Making kindness less extraordinary


In the privileged days of being a carefree graduate student I picked up an old fraying copy of Aldous Huxley’s beautiful biography from a deliciously sprawling library of books at a family friend’s home in Hyderabad and fell in love with the deeply moving sentences and paragraphs he had written on various occasions to his wife.

One that has stayed with me for the way it resonates with what one encounters in living every day is where he expresses a child-like in-credulousness about why human beings find it so hard to be kind to each other and what it would take to make an everyday kindness, in every interaction, less extraordinary…

The book also left me with a longing for the sort of deep respect, regard and affection he had for his wife, Laura – the kind often found between old friends – and made me believe that nothing short of that was really worth anyone’s while.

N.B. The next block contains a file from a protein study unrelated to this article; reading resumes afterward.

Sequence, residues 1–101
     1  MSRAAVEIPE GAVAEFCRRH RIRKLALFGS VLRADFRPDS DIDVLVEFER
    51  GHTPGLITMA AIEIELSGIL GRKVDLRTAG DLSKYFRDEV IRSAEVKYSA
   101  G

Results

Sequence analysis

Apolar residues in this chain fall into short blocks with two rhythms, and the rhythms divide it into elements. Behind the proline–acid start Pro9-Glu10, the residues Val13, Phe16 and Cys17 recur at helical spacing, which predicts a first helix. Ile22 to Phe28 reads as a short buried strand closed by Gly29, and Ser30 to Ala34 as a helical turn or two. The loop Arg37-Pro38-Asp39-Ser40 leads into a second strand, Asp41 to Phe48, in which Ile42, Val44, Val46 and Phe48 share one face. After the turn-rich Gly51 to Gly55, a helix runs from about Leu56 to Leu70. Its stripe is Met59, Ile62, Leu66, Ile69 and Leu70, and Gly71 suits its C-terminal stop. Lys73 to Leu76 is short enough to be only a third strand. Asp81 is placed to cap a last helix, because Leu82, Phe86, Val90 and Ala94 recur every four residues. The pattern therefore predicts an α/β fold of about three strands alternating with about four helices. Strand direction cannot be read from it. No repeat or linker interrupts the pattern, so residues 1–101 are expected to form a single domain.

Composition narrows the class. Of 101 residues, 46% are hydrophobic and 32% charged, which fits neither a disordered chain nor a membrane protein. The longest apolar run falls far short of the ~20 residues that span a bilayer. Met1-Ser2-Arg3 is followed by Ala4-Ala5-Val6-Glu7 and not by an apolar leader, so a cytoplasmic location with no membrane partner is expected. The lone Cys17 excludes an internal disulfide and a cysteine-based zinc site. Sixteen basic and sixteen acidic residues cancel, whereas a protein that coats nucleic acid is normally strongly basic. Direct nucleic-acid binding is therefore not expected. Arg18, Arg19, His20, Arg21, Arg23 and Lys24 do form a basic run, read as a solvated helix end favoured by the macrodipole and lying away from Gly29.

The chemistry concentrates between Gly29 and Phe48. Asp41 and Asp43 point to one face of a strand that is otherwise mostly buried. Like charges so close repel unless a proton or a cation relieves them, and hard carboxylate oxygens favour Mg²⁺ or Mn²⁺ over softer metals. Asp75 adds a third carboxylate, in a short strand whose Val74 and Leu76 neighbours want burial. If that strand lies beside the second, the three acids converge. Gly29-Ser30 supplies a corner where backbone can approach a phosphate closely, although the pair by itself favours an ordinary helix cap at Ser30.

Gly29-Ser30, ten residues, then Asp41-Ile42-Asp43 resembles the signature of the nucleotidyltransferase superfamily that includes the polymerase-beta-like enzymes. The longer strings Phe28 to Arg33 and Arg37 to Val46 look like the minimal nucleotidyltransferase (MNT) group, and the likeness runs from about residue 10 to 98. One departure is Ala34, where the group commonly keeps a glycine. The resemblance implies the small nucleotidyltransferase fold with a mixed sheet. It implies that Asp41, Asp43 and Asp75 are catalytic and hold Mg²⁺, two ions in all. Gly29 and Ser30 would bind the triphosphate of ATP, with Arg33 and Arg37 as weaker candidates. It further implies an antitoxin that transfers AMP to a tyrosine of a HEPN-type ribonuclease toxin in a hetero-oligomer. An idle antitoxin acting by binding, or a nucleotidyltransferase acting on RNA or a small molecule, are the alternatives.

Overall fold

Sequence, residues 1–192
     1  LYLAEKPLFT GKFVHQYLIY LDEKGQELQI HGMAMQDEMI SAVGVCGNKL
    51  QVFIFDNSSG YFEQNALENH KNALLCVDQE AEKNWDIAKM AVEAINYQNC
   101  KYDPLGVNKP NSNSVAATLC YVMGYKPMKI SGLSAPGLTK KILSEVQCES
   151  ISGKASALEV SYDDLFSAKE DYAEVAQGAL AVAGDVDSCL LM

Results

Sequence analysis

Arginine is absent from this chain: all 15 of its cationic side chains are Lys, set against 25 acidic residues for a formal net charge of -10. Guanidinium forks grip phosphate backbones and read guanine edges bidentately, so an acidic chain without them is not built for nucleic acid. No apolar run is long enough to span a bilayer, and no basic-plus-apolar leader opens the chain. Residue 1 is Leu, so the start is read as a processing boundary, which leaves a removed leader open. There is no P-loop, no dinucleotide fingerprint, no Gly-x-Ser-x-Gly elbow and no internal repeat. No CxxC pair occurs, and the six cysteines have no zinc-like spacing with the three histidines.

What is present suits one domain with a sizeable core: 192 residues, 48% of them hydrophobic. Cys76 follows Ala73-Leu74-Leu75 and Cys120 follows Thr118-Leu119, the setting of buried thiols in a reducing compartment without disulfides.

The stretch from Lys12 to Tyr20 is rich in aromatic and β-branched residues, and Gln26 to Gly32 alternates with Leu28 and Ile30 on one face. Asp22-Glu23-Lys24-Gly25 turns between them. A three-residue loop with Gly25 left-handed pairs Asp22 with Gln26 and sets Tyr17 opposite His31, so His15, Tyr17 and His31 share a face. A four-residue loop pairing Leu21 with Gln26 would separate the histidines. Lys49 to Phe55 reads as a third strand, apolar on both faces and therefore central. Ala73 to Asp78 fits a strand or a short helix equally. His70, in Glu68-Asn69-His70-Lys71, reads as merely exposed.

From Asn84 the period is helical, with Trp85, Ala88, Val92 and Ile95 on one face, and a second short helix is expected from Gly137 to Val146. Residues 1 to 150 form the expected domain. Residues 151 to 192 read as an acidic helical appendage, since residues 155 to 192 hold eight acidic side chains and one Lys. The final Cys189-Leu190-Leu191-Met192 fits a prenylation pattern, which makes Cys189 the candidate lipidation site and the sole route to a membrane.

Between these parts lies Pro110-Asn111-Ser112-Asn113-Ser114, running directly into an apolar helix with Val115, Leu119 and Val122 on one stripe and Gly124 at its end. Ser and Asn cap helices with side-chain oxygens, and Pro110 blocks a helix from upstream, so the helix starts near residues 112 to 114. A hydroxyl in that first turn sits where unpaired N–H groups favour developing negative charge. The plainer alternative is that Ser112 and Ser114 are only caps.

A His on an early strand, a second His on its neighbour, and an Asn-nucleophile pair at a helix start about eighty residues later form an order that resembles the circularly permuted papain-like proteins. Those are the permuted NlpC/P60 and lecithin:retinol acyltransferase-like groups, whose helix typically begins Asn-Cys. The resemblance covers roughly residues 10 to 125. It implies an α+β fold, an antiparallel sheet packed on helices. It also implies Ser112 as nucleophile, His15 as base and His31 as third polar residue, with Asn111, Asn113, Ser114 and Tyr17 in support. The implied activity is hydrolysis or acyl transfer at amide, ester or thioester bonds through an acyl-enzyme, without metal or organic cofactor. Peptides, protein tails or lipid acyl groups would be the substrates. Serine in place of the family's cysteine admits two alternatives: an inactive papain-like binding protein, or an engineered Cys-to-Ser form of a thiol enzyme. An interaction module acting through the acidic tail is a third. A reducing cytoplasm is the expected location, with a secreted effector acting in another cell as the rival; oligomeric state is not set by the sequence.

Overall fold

Another aspect that left a deep impression on me was a similar quality of calmness and equanimity that he brought to the prospect of someone’s passing. Without once being condescending, he made it seem like it was a transition to another level of consciousness – a passing on rather than a ‘passing away’… a time for extraordinary mindfulness rather than fear; for humility, grace and acceptance than fright, disbelief and revulsion.

Today, after all these years, as I waited my turn to pay my respects to one of the gentlest, wisest, and most affectionate avuncular figures in my cousin’s life I found myself remembering what Huxley said. And I wished as I stood surrounded by the inconsolable sobbing of those close to him, that I could have addressed the sweet, calm, resting face of Uncle C with the form of address that Huxley invokes throughout the book, “Oh nobly born…’

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